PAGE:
Annie Novak has farmed in nine different countries, but never on a farm that required climbing on a flight of stairs.
Her 6,000-square-foot organic farm is on the roof of a warehouse in Brooklyn.
"We're already growing our fall squashes, and we're saying goodbye to our summer fruits," Novak said.
Started in April, it is the nation's first commercial working farm built on a green roof. The owners grow and sell more than 30 varieties of fruits and vegetables to local restaurants and residents.
But besides the food, green roofs offer big environmental benefits, reports CBS News correspondent Hari Sreenivasan. The soil on this roof can absorb up to two inches of rain, preventing rainwater from picking up pollutants on the ground before it enters storm drains.
"When it goes out the drain, it hits a very antiquated sewage system that when it's overtaxed just pumps everything out into the ocean," Novak said.
Lisa Goode, who designed this farm and builds green roofs for homes and office buildings, says they reduce utility bills.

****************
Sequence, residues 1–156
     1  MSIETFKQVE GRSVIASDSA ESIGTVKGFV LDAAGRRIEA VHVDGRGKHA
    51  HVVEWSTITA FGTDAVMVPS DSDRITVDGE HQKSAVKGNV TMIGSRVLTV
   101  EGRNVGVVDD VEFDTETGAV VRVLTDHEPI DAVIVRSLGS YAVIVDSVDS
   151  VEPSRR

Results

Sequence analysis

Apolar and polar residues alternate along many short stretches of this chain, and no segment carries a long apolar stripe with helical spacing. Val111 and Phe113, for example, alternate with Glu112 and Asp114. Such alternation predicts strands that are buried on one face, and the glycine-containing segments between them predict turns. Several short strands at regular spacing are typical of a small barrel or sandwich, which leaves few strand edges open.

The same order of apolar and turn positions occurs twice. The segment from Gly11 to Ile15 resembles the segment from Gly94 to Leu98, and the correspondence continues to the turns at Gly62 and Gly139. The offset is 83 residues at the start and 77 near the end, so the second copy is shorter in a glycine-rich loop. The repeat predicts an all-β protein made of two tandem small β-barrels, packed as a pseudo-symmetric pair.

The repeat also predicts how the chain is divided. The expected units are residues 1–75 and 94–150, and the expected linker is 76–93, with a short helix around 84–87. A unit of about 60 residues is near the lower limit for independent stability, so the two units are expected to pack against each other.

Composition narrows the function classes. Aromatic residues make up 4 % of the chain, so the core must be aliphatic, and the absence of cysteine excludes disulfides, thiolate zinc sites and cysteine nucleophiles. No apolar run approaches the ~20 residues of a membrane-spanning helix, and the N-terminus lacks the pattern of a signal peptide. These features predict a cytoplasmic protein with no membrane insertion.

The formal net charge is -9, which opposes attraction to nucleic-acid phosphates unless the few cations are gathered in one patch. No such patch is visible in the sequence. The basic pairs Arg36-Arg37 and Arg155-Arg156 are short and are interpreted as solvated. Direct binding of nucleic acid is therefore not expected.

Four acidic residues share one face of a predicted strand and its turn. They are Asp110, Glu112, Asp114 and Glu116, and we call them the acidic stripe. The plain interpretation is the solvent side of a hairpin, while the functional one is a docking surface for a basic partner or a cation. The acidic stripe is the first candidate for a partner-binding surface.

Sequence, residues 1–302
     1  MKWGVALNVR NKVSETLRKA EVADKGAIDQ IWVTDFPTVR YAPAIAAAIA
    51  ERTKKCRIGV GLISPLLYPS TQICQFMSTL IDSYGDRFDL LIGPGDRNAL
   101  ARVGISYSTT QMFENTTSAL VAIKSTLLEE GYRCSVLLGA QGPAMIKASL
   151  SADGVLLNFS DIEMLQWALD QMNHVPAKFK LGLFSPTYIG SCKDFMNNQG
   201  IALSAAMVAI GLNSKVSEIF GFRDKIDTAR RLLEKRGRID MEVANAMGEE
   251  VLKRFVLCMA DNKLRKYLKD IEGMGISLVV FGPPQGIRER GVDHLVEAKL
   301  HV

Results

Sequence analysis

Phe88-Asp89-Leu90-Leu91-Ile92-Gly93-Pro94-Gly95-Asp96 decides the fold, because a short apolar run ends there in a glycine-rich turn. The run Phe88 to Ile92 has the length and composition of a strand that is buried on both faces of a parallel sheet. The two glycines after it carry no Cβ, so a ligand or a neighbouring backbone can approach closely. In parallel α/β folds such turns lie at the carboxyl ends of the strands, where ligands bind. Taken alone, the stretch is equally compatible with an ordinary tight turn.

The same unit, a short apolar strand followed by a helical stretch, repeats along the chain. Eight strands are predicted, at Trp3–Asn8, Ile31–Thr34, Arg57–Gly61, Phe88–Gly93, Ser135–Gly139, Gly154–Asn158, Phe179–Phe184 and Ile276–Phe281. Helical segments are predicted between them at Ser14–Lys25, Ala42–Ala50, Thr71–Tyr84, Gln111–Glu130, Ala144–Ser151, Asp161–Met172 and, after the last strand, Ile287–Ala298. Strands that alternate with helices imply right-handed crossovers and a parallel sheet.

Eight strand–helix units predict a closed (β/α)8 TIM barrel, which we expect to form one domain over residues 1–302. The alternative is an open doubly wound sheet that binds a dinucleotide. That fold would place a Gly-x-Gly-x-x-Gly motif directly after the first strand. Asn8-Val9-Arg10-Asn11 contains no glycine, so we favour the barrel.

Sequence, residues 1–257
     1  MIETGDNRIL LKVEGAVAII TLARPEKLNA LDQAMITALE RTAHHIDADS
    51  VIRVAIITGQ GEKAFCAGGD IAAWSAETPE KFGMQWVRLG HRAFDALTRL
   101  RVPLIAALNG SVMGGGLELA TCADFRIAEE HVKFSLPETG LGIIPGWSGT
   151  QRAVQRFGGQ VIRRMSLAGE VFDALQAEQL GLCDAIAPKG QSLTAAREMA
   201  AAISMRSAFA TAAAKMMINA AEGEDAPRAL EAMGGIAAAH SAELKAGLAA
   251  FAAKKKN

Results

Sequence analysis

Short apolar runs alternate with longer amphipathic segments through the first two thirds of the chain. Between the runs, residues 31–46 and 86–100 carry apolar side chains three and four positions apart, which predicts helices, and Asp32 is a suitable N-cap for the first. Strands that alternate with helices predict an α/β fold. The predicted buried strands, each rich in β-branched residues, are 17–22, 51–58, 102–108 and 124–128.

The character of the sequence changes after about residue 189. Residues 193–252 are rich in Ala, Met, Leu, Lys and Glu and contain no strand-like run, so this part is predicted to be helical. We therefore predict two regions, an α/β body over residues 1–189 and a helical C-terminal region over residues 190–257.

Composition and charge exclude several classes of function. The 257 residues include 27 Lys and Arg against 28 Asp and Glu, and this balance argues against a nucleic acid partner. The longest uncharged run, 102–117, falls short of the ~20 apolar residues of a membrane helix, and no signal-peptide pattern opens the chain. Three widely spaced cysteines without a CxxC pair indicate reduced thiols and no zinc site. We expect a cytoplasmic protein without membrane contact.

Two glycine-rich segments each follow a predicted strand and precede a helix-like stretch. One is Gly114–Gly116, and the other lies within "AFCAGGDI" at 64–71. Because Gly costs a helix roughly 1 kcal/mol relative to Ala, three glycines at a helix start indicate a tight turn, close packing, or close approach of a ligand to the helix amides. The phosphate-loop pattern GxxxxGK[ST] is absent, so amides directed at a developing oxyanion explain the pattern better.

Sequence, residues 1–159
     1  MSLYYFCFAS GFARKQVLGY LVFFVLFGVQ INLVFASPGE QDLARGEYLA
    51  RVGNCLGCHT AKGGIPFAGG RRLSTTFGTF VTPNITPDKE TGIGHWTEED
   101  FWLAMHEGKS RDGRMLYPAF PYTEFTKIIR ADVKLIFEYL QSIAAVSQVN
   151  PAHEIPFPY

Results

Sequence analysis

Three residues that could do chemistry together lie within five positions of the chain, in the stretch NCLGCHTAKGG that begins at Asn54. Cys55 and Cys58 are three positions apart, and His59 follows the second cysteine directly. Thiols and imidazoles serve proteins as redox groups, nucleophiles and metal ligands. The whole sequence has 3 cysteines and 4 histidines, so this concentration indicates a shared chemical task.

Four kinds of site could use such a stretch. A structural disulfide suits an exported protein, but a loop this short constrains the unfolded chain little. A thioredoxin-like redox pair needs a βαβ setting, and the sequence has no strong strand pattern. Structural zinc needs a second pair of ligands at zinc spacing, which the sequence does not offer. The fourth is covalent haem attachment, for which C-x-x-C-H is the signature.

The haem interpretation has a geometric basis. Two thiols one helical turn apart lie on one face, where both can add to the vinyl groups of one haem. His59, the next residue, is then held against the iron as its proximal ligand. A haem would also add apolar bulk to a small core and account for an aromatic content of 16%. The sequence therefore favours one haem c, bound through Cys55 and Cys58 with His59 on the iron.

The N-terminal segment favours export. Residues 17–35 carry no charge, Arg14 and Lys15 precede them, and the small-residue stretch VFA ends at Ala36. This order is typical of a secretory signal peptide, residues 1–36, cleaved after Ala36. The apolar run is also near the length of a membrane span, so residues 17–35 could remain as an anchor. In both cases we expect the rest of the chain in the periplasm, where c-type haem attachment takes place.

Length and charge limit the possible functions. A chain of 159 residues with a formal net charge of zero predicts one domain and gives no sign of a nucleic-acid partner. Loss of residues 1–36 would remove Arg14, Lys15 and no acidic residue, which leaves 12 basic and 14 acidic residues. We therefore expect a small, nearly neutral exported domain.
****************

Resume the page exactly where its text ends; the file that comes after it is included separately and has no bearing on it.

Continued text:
"This basically acts as an air conditioner for the heat that rises through a building," Goode said.
The soil and plants also save owners money by extending the life of roofs.
"You're protecting your roof, because you're removing it from UV rays and ice and cold," Goode said.
Green Roofs: Doing it Bigger, Better
While this rooftop farm in New York is exceptional, it is not unique. There are green roofs sprouting up all over the country.
Green roofs on top of both Chicago's city hall and San Francisco's California Academy of Sciences keep the buildings 10 degrees cooler in the summer and that much warmer in winter. A hospital in Green Bay, Wis. and a firehouse in Raleigh, N.C. just installed green roofs. The two-and-a-half acre green roof on the Target Center Arena in Minneapolis will keep a million gallons of storm water from flowing into the Mississippi River every year. And you might be surprised to learn that one of the largest green roofs in America was build "Ford tough" on top of a truck plant in Dearborn, Mich.
Annie Novak hopes her Brooklyn farm doesn't remain the only green roof in the neighborhood for long.
"The more the merrier," Novak said. "We need this in this city."
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